Americans have made considerable progress during the last two decades in protecting children traveling by car, bicycle and school bus as well as when youngsters are pedestrians.
Carbon County parents who did not grow up using a child safety seat, a bike helmet and perhaps a seatbelt now understand that the protections can save youth's lives.
As part of an ongoing education campaign, the National Highway Traffic Safety Administration strives to educate adults in the local community about the importance of safety seats, booster seats and/or seatbelts. NHTSA also reminds citizens of the importance of children wearing safety helmets while participating in sports and recreational activities.
Progress has been made in increasing the use of child safety and booster seats, which has decreased deaths among children in car and truck crashes, but much more remains to be done.
Motor vehicle crashes remain the leading cause of death for all children ages 6 to 15 years of age as well as for older teens and young adults.
In 1999, there were 550 motor vehicle occupant fatalities among children younger than 5 years old. More than half of the children who died were totally unrestrained.
In that same year, child safety seats or seatbelts saved the lives of an estimated 307 youngsters. NHTSA estimates that 162 more lives could have been saved if all motor vehicle occupants younger than 5 years old had been correctly restrained in child safety seats.
Children who are not restrained are three times more likely to be injured in a motor vehicle accident, stresses the highway traffic safety administration. Several basic guidelines to follow when securing children in a motor vehicle include:
Youth 12 and younger should be buckled up in the back seat. The front seat is a more dangerous spot for children.
Front air bags deployed in even minor fender-benders have seriously hurt and even killed some children.
When placing a child safety or booster seat in a car or truck, adults should read the instructions in order to install and use the devices correctly.
Motorists should also look at the vehicle's owner's manual to determine what it recommends about installing and using child safety seats and booster seats.
Growing youngsters should progress through three types of child safety devices before using the seatbelt alone. The three types are rear-facing, forward-facing and booster seats.
Infants should always be placed in rear-facing seats until the youngsters are at least 1 year old and weigh 20 pounds.
Youth weighing between 20 and 40 pounds should be placed in forward-facing safety seats.
When a child outgrows the forward-facing safety seat, motorists should use a booster seat until the youngsters is at least 8 years old or is four feet, nine inches tall.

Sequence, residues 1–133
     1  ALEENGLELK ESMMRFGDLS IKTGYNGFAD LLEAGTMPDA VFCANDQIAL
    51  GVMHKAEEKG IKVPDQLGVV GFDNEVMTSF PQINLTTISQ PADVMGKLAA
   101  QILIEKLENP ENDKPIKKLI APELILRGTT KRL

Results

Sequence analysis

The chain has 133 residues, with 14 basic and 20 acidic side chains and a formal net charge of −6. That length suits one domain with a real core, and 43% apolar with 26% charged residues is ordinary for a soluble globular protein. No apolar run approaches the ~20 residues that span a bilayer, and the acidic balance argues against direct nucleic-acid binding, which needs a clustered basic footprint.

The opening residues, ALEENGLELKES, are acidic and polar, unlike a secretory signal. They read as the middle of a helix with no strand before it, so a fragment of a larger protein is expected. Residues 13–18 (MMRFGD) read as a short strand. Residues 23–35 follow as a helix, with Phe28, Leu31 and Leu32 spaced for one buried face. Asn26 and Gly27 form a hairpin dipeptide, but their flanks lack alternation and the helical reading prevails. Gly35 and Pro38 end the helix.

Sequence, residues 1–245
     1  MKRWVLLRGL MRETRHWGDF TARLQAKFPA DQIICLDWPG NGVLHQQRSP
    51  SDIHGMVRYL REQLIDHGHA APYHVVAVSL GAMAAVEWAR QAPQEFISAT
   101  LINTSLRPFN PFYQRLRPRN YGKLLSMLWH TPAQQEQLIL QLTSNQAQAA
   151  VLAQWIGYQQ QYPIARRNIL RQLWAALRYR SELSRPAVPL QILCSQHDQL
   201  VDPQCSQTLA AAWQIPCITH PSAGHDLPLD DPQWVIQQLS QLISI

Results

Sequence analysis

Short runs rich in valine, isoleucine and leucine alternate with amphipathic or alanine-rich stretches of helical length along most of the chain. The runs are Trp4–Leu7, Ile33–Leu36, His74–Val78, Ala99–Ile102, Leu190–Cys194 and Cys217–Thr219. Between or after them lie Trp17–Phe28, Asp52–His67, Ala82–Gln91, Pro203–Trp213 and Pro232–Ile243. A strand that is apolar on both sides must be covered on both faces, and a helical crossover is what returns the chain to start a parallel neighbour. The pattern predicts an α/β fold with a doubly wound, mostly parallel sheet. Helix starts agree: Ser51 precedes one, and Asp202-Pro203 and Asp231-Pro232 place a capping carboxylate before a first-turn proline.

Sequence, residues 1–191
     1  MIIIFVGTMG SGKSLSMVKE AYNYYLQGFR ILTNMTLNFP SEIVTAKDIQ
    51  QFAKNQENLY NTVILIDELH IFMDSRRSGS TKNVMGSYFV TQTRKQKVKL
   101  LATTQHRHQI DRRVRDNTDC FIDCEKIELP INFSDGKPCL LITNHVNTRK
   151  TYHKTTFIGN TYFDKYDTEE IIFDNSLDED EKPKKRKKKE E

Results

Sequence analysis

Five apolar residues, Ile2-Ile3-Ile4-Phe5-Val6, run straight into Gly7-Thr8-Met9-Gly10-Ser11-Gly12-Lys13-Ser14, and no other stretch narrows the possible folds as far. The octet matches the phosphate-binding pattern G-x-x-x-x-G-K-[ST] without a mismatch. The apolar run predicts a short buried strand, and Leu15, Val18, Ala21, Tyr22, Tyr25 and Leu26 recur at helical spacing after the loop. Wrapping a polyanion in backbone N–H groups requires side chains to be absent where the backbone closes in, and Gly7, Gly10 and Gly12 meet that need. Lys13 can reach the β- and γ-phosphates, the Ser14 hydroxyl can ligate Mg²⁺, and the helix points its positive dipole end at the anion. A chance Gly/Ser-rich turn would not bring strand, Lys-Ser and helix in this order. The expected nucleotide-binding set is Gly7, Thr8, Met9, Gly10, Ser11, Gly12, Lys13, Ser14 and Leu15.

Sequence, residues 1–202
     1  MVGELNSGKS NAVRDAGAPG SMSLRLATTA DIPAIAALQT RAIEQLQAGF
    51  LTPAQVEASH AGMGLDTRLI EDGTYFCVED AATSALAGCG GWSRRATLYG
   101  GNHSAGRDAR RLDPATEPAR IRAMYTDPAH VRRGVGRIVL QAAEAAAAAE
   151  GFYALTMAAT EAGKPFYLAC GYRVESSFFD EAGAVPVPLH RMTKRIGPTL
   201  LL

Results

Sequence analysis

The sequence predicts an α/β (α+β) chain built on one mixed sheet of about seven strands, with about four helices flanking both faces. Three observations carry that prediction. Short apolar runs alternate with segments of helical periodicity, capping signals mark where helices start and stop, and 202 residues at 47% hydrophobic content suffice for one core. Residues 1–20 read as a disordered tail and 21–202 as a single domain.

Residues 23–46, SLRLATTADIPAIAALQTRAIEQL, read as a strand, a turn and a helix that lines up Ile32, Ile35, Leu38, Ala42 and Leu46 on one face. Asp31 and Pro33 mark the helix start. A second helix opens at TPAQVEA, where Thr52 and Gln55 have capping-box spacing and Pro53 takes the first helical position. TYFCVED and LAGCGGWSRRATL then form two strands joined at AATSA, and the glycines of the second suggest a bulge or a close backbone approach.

Seatbelts alone are made for adults. A booster seat raises a child up so the safety belt fits.
The safety device prevents a child from being thrown from the car or bounced around inside the car or truck during a crash.
Youngsters who have outgrown booster seats should use vehicle safety belts.
Child safety seats reduce fatal injury by 71 percent for infants and by 54 percent for toddlers ages 1 to 4 in passenger cars, indicates the highway safety administration.
For infants and toddlers riding in light trucks, the seats reduce fatal injury by 58 percent.
Safety seats may be installed and used in a motor vehicle, but at least four out of five children in are not properly restrained.
Safety seats may be inspected and proper use may be explained by a certified child passenger technician.
Southeastern Utah Health District may be contacted for instructions on proper use of safety seats.
NHTSA reminds residents that children injured in traffic crashes are not always passengers in vehicles.
More than one-fourth of bicyclists killed and 43 percent of youth injured in traffic accidents in 1999 were between the ages of 5 and 15.
During the same year, 580 pedestrians younger than 16 died and 27,000 were injured in traffic crashes.
Nearly one-fifth of all traffic fatalities and 7 percent of all injuries involved pedestrians younger than age 16.
On average, about three-fourths of all school-age children killed in bus-related traffic crashes are pedestrians.
The statistics serve as a grim reminder for all motorists to be cautious and aware of surroundings when driving, points out the NHTSA.
Bus signals should be obeyed and pedestrian crossing approached with caution to reduce the risk of minor traffic violations becoming major accidents, emphasizes the safety administration.
Bicyclists should always wear safety helmets. Whether the ride is around the block or miles long, helmets should be worn to prevent serious injury in the event a crash happens to occur.
Carbon citizens are urged to exercise caution and take steps in protecting not only children, but also adults while traveling, concludes NHTSA.